They will have some fat on them, and may have some fell on them as well.
Lamb Shank is both economical and very flavourful.
Lamb Shank is often confused with “Lamb Leg Shank Half” (aka “Shank End of Leg”, aka “Souris d’agneau” in French), even by food writers such as Nigel Slater:
“It is difficult to think of a cut that fits the bill better than the shank of lamb, the bit that sits at the lower end of the rear leg ….. The gastropubs braised this cut with wine and beans, occasionally lending it a smart coat of lemon and garlic gremolata. Their efforts changed the fortune of the ‘lumpy bit at the end of the leg’ for good.” — Slater, Nigel. Down to the bone. Manchester: The Observer. 20 January 2008, p. 50.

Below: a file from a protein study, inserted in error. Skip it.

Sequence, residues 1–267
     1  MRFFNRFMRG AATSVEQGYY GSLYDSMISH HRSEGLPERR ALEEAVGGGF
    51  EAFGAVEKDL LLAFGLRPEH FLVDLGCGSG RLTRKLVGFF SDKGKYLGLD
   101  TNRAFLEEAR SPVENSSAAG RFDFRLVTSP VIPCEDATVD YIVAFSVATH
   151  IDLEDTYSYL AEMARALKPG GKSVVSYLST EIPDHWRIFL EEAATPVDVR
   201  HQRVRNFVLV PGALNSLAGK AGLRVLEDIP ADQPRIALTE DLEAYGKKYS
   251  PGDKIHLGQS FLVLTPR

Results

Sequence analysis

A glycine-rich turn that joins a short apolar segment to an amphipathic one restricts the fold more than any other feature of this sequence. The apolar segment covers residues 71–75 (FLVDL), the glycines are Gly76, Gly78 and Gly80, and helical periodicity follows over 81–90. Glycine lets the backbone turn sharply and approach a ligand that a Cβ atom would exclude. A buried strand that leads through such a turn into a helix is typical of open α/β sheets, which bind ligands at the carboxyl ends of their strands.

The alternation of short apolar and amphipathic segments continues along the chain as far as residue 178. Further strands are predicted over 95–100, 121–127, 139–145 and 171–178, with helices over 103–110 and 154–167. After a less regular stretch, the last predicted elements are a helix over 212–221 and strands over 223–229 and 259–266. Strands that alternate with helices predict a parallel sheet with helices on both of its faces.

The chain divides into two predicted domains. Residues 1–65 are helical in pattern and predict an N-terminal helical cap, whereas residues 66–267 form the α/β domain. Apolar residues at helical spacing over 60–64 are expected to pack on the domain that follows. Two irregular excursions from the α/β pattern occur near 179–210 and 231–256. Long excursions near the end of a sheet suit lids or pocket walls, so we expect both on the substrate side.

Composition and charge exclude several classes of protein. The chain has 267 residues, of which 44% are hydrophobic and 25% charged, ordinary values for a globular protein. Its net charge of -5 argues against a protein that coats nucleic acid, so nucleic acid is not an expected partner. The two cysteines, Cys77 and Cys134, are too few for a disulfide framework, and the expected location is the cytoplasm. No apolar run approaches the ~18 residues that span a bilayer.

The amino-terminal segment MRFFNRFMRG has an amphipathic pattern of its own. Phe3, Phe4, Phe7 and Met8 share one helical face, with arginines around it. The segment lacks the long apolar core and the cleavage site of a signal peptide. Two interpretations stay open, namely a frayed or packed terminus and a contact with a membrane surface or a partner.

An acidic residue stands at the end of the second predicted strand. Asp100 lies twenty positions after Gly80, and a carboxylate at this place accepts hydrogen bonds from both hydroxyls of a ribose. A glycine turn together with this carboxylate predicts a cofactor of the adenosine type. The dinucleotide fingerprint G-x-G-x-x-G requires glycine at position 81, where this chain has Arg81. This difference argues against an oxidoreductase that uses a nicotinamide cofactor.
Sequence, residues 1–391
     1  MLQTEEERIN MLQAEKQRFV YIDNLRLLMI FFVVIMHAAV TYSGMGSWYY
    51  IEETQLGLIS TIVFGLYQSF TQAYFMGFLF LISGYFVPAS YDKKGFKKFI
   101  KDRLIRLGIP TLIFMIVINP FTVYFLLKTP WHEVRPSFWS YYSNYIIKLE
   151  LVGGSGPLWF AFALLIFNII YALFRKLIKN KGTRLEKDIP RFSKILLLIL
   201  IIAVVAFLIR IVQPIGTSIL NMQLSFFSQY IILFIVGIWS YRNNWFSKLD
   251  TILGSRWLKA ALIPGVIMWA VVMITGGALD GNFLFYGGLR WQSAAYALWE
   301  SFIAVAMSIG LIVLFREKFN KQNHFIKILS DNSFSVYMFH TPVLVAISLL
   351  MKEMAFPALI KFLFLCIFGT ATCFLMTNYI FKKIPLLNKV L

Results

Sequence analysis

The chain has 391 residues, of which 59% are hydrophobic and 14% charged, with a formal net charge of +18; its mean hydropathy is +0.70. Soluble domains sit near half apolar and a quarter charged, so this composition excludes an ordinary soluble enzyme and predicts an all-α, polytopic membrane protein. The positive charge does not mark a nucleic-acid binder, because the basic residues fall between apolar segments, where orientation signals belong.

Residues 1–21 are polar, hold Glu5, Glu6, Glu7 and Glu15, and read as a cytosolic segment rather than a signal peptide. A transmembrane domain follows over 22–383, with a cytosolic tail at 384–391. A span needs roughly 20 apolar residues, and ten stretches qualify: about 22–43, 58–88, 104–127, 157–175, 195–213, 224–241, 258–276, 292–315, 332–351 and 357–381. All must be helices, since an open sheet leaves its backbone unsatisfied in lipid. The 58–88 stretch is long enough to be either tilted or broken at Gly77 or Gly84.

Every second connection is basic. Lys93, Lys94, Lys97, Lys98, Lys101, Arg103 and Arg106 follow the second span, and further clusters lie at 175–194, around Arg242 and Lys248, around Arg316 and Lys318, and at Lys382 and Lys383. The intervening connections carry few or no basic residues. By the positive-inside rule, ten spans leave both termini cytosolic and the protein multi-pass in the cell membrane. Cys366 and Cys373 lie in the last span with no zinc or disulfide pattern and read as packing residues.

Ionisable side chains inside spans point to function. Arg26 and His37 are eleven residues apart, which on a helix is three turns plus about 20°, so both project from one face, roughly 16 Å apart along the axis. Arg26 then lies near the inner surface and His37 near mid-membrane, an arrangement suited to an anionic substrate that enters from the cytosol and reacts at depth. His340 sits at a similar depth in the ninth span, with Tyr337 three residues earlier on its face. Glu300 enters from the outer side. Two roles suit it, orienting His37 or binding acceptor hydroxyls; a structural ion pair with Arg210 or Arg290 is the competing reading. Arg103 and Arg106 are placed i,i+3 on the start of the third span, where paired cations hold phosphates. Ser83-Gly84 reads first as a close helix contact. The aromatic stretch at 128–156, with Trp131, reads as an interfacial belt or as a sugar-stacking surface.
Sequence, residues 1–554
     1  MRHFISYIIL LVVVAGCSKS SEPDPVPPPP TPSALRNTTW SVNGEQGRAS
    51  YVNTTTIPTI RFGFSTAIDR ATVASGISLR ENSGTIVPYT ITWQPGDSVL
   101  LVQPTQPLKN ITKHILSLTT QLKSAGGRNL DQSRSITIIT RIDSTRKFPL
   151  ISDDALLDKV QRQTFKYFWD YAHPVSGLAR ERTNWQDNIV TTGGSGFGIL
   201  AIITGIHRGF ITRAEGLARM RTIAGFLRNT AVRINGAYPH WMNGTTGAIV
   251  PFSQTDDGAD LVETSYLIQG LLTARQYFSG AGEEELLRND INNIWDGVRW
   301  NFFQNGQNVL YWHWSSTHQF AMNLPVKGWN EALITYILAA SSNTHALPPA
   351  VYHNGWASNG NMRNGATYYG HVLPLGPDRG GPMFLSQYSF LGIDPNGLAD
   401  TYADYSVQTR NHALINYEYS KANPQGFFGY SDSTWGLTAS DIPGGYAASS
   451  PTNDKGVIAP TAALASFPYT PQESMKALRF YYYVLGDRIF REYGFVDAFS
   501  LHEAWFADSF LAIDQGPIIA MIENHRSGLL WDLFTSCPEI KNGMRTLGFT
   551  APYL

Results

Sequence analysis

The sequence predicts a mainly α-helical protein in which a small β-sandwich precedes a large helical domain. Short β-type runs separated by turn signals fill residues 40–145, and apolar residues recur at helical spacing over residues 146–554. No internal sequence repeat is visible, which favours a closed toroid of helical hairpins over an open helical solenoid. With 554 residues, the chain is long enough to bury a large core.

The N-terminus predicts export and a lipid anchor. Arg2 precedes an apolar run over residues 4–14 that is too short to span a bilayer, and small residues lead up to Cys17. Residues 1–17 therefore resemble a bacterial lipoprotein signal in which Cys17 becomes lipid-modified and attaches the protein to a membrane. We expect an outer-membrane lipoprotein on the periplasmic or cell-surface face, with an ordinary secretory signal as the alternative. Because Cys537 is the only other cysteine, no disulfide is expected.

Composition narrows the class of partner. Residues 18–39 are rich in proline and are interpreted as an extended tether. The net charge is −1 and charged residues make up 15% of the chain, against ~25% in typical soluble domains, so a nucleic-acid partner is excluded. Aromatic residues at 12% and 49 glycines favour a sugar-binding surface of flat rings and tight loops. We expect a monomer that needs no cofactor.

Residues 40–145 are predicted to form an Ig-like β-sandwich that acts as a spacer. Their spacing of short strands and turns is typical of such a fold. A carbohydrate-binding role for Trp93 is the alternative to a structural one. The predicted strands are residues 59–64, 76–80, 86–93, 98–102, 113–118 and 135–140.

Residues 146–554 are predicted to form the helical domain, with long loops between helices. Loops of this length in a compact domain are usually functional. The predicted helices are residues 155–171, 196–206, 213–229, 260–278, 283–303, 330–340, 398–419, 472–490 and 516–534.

What Slater is referring to is actually “Lamb Leg Shank Half” from the rear leg.
Allow 1 per person.
Use slow, moist cooking (braising, stews, pot roasts, casseroles) or low and slow “true” barbeque (as opposed to “grilling”.)
When using a moist-cook method, sear in oil before cooking to develop flavour. Add liquid and other ingredients, cook in oven, or simmer, for about 1 1/ 2 hours.
Goes well with beans and tomatoes, and herbs such as bay leaves, rosemary, thyme.